Thailand's Prime Minister Yingluck Shinawatra has been summoned to face an anti-corruption panel to hear negligence charges that could lead to her removal from office.
The charges relate to a rice subsidy scheme that paid farmers above the market price and has run out of funds.
Farmers, normally the prime minister's biggest supporters, are demanding immediate payment for the rice they have sold to the state.
The National Anti-Corruption Commission says Ms Yingluck ignored warnings that the rice scheme was fostering corruption and causing financial losses.
Ms Yingluck, who has protested her innocence, was a no-show at Thursday's hearing, sending her legal team instead.
If found guilty she could face a five-year ban from politics.
It is unclear how long the commission will take to reach a conclusion.
If the panel decides that Ms Yingluck is guilty, the case will be referred to the partially elected upper house of parliament for an impeachment vote.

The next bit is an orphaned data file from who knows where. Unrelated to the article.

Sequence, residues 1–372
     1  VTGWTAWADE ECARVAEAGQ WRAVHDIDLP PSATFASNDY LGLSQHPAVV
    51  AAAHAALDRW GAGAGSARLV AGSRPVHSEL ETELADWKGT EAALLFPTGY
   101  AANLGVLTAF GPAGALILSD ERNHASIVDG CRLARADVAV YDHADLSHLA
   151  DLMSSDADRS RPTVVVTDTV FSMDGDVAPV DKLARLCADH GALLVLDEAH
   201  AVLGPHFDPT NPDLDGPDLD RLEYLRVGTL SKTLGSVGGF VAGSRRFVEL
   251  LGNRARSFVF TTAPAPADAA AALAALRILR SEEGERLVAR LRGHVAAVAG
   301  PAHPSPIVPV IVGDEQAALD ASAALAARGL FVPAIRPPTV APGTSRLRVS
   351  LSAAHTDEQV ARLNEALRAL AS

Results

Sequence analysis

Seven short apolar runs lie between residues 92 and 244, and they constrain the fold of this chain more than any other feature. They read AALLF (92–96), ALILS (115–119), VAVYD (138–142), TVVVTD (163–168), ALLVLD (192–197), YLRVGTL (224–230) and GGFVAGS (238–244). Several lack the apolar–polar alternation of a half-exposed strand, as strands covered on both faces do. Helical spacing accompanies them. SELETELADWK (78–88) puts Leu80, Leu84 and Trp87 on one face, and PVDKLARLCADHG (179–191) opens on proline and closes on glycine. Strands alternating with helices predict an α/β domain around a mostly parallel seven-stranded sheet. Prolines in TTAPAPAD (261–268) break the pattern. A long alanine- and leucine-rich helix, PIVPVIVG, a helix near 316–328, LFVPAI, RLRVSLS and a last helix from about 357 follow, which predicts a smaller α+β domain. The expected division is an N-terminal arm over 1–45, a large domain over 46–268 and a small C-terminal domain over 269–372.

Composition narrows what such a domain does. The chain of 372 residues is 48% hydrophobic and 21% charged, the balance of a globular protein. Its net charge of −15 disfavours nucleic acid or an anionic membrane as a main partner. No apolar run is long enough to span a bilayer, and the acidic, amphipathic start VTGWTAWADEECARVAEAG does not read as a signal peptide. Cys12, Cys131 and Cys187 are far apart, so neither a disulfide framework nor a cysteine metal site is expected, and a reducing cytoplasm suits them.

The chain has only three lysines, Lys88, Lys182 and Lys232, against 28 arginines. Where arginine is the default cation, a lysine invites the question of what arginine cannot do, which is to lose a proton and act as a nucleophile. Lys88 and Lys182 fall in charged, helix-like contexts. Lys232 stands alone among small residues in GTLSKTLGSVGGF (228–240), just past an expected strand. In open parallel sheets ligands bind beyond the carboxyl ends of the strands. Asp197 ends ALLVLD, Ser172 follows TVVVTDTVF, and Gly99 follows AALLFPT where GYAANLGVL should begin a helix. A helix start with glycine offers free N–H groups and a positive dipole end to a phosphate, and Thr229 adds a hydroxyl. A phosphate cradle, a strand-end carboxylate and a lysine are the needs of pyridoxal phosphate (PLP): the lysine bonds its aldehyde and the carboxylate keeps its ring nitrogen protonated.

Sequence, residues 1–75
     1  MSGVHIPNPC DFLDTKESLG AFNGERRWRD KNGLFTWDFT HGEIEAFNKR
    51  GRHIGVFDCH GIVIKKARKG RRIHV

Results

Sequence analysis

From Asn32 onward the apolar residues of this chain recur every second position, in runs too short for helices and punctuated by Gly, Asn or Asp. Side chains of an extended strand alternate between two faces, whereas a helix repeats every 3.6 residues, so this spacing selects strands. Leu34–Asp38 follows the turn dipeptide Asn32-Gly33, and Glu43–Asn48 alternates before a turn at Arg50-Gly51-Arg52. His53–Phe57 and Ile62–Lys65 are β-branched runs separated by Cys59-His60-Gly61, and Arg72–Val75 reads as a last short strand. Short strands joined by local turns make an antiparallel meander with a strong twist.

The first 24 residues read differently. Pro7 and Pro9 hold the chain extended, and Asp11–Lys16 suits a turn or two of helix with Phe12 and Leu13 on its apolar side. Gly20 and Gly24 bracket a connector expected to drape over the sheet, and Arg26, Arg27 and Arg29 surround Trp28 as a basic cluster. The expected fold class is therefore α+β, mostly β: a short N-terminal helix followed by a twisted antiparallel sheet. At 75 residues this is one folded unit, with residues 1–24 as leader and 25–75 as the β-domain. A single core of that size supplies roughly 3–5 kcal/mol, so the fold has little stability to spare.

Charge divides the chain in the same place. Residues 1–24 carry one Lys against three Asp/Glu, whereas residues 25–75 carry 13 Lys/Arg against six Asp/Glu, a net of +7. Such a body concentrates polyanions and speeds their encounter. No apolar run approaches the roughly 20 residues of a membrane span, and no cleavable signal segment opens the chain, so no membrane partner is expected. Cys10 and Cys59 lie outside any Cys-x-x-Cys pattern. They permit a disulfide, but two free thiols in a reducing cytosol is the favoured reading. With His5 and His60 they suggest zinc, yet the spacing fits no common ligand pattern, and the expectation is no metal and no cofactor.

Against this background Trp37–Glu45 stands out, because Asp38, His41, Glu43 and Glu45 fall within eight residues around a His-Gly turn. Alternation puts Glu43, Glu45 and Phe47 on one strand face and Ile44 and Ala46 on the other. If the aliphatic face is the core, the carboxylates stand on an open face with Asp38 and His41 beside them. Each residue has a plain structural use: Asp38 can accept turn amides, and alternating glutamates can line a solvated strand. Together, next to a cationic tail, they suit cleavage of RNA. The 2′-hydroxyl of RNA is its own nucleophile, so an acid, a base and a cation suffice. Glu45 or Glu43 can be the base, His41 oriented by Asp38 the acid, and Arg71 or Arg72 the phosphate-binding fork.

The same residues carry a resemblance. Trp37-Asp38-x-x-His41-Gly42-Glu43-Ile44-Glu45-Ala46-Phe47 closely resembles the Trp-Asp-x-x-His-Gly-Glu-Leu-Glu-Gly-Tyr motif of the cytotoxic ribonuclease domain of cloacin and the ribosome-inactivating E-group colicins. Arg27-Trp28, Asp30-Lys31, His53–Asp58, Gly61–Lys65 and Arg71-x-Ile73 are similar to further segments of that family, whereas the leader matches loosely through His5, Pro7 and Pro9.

On Wednesday, the premier flew to her political stronghold in northern Thailand where she is expected to spend several days inspecting government-backed projects.
Anti-government protesters have occupied parts of the capital, Bangkok, since November.
They want Ms Yingluck to step aside in favour of an unelected "people's council" to tackle what they see as corruption and a culture of money-driven politics.
A wave of political violence, often targeting protesters, has left 22 people dead and hundreds wounded, with almost daily reports of gunshots and grenade blasts in Bangkok recently.
The demonstrators accuse Ms Yingluck's elder brother Thaksin Shinawatra - a billionaire tycoon-turned-premier who was ousted from office by royalist generals in 2006 - of running the government from overseas, where he lives to avoid a jail term for corruption.
Critics say the subsidy scheme has encouraged corruption, drained the public coffers and left the country with a mountain of unsold stock.
But government supporters see the charges as part of an attempted "judicial coup" by Mr Thaksin's opponents within the royalist establishment.